King of Poetry

News - 2019-01-21
Mufasa, the rising star of Kenyan spoken word raises issues on kenyan identity, gender roles and corruption.
Mufasa outside of the concert hall in Göteborg.
Mufasa outside of the concert hall in Göteborg.

The leaves are fiery red, the air is refreshing and the sun is giving its last rays of light before Sweden turns into its typical winter slumber. In other words - an unusually fine day for Göteborg. A city that is generally associated with rain and grayness among Swedes. For Mufasa, a much appreciated reception who expected darkness and snow storms travelling this far north.

The trip has been done on invitation of Forum Syd to perform at “Bokmässan” on current issues in Kenya. A book fair that has grown to be the largest cultural festival in Sweden. The old industrial city Göteborg, with a population of about 600 000 is the second largest and famous for being the birthplace of Volvo and international artists such as Jose Gonzales and The Knife.

Mufasa outside of Göteborg Art Museum.
Every year Mufasa helps aspiring spoken word artists to find the courage to perform on stages across Kenya.

Gender roles, tribalism, corruption and how how bad governance affect the daily life of Kenyans is usually in the centre of Mufasa’s performances. His talent is using poetry to express the injustices many Kenyans experience but not has been able to say has made him a rising star in Kenya. Over a few years he has grown into popularity leaving, but not entirely, the underground clubs to do big performances at human rights events, festivals and TV-shows. Mufasa performances makes him best described as a spoken word artist and activist. A title he himself doesn’t identify with.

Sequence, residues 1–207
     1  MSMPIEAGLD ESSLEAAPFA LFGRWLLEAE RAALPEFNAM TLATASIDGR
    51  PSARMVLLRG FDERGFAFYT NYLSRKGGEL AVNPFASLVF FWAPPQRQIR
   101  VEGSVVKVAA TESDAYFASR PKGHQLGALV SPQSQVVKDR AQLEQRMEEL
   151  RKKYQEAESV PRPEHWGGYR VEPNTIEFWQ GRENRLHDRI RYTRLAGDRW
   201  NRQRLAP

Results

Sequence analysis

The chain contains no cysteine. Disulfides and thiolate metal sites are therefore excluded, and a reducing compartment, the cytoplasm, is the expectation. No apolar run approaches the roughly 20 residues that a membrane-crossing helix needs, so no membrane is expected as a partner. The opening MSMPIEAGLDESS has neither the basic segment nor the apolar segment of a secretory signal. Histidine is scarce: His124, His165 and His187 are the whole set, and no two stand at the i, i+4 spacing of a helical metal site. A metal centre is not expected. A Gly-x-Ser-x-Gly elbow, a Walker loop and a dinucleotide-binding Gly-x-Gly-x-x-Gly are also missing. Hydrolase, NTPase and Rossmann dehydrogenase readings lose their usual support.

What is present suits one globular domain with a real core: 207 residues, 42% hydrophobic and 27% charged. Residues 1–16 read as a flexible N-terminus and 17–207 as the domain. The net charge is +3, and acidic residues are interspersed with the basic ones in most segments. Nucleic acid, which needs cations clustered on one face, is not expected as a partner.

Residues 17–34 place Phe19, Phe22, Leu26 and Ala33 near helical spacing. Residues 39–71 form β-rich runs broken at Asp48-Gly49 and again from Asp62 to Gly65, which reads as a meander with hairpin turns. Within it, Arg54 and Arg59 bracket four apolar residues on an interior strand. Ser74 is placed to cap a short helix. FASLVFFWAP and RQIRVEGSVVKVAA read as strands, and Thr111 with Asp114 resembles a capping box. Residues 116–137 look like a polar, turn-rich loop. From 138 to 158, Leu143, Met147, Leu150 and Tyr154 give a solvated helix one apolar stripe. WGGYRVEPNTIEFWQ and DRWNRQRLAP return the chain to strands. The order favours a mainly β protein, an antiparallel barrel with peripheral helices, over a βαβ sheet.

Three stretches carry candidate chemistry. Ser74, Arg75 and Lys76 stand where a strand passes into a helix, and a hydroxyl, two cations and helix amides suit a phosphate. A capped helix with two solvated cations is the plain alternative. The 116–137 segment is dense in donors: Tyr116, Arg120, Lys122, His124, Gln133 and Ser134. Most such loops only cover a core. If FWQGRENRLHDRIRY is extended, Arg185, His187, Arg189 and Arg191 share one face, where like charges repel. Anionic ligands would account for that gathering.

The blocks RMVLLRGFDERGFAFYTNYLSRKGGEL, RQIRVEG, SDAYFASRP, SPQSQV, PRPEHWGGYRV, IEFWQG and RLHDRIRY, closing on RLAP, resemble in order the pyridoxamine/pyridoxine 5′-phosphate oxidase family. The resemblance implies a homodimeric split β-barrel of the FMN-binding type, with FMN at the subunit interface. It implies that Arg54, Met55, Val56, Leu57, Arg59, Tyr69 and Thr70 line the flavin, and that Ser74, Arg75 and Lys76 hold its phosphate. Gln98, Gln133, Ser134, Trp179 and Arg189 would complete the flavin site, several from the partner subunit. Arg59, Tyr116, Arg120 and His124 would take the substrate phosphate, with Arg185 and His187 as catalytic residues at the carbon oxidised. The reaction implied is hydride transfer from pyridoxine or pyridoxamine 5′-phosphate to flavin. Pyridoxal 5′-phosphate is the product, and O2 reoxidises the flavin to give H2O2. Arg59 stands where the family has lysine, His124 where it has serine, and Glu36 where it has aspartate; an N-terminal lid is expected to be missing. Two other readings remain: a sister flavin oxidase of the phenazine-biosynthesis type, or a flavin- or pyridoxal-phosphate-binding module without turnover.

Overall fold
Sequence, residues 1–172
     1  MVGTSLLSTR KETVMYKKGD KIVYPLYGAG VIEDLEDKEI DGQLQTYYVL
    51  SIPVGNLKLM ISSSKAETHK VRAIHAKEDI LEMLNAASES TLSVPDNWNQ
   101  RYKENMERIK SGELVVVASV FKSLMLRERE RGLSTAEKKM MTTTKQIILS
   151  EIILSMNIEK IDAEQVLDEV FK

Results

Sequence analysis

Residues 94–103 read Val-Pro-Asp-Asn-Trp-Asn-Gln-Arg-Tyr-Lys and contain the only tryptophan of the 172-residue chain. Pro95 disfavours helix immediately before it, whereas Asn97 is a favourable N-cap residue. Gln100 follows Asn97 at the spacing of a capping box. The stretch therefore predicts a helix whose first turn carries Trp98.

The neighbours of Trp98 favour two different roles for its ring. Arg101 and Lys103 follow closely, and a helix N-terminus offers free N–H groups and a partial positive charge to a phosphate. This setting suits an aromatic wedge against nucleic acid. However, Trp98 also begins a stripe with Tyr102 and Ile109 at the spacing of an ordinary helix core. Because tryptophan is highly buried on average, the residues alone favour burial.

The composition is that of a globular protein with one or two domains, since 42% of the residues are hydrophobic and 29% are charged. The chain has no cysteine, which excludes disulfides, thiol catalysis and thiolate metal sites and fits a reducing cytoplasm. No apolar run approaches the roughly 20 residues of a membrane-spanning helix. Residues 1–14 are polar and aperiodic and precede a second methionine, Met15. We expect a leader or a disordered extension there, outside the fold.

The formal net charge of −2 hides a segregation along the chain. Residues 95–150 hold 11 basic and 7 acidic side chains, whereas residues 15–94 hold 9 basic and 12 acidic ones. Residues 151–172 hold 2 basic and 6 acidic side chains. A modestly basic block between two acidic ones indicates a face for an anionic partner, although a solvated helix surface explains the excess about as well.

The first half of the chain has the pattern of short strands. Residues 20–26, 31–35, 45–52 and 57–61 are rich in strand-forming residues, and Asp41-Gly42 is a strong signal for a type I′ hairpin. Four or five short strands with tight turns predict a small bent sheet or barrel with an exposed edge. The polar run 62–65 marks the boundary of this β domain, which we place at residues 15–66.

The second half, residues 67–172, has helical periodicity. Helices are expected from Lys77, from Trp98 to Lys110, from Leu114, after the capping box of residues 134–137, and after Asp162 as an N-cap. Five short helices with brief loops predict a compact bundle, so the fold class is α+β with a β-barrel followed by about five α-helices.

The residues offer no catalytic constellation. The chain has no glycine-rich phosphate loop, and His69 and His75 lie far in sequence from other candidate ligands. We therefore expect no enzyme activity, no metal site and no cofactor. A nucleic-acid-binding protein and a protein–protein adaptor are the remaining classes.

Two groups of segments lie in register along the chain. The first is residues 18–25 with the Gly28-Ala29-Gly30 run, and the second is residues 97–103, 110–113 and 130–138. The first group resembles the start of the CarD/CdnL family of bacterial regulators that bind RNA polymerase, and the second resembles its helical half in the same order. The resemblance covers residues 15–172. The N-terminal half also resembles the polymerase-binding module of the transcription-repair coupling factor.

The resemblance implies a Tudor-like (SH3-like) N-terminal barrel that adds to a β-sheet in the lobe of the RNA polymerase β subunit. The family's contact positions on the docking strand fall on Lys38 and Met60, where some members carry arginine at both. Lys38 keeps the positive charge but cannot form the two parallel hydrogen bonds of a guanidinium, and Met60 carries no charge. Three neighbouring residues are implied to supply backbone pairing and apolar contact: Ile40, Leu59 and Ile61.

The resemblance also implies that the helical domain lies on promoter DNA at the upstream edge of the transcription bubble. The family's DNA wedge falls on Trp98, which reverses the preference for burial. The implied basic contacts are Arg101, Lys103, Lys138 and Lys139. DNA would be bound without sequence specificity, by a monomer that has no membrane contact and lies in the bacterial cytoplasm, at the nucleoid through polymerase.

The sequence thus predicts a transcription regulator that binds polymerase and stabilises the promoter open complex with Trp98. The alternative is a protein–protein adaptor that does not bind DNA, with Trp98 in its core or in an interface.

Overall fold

- Words are power and the word activist have lost it's meaning. The government has made activists to be associated with troublemakers who want to put down the regime and ruin society. That’s not my intentions, but we need to change to move forward.

Free speech under attack

The democracy in Kenya faced a trial during the elections in 2017; the opposition condemned the results as a farce and was followed by violent protests which the government refused to surrender to. More than 30 people died as a result of the police violence. There was also a massive crackdown on civil society leading to closures of key organisations who were deemed to speak against atrocities committed by the government.  The media was not spared either and the three biggest TV stations were shut down for more than a week for broadcasting an opposition event the government had disagreed with. Despite the dramatic events after the election Mufasa has a positive look on the future.

- We will see change happen in Kenya. It’s in the air. Before we knew that authorities did lousy jobs sometimes, today we can talk openly about it. And that is our job. The role of artists is to channel and pin point what people feel but can’t express due to taboos or even their own blindness to norms.

Mufasa poses in a dark room.
New identities and subcultures are important for Kenyans to find unity outside of the traditional tribal identities.